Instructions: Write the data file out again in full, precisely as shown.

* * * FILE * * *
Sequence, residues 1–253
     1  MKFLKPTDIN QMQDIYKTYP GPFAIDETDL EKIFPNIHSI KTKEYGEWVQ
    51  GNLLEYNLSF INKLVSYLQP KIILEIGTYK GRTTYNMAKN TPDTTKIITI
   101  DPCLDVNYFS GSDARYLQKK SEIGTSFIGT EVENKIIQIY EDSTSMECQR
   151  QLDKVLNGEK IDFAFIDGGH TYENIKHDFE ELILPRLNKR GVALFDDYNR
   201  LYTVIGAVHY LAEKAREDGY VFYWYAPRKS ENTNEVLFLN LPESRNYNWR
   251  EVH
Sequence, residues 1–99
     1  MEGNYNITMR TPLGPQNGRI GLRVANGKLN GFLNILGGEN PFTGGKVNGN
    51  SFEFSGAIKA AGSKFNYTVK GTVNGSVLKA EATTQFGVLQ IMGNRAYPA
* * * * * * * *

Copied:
Sequence, residues 1–253
     1  MKFLKPTDIN QMQDIYKTYP GPFAIDETDL EKIFPNIHSI KTKEYGEWVQ
    51  GNLLEYNLSF INKLVSYLQP KIILEIGTYK GRTTYNMAKN TPDTTKIITI
   101  DPCLDVNYFS GSDARYLQKK SEIGTSFIGT EVENKIIQIY EDSTSMECQR
   151  QLDKVLNGEK IDFAFIDGGH TYENIKHDFE ELILPRLNKR GVALFDDYNR
   201  LYTVIGAVHY LAEKAREDGY VFYWYAPRKS ENTNEVLFLN LPESRNYNWR
   251  EVH
Sequence, residues 1–99
     1  MEGNYNITMR TPLGPQNGRI GLRVANGKLN GFLNILGGEN PFTGGKVNGN
    51  SFEFSGAIKA AGSKFNYTVK GTVNGSVLKA EATTQFGVLQ IMGNRAYPA